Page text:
As the Farmer’s Almanac tells us, that saying was rooted in the ancient belief that weather would seek a balance, and that good events would cancel out bad ones. That sense of balance held true for your Suits by Suits editors this month as well, as Ellen Marcus documented the unique ability of shareholders to protest “golden parachutes” for companies emerging from Chapter 11 bankruptcy – as contrasted with their general inability to do much else. Bill Schreiner explained how the average executive can protect herself from incurring certain legal expenses through directors & officers’ (“D&O”) insurance policies, while noting the limits of those D&O policies especially in high-profile cases like former Penn State coach Jerry Sandusky. Andrew Torrez continued to document the push-and-pull in the legislative arena over whether and to what extent courts should uphold covenants not to compete contained in employment contracts, and warned Gov. Deval Patrick that the proposed new law in Massachusetts may not do what he expects it to do. And Jason Knott warned us that only 2% of Sarbanes-Oxley whistleblowers succeed on their claims, while walking us through a comprehensive recent decision by the Second Circuit that maps out how future whistleblowers can prove the elements necessary to assert their cases.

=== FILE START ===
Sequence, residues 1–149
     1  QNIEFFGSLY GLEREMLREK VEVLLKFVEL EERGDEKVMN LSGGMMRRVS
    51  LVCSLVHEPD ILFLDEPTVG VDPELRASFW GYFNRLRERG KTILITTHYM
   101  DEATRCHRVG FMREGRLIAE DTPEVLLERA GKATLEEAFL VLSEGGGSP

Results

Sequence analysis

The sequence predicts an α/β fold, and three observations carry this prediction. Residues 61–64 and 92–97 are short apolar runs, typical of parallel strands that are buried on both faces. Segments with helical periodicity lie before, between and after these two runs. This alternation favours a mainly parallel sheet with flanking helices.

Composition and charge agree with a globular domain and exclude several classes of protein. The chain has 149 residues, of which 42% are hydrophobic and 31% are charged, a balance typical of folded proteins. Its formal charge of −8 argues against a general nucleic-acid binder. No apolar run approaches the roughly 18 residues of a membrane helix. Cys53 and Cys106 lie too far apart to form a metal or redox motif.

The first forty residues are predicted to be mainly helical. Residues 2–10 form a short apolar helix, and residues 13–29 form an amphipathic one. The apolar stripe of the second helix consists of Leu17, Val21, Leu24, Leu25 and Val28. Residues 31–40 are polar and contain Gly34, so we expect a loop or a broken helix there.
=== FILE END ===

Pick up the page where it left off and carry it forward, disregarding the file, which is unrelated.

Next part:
- Shareholders Can Have Their Say on Executive Pay, But Not Much Else
Ellen D. Marcus | March 28, 2013
- Tom Horton's Severance is Probably in the Golden Parachute Bag if the Court Applies the Business Judgment Rule Rather than Section 503(c) of the Bankruptcy Code
Ellen D. Marcus | March 26, 2013
- How Does that Burden of Proof Work Again? The Second Circuit’s Recent Sarbanes-Oxley Decision Explains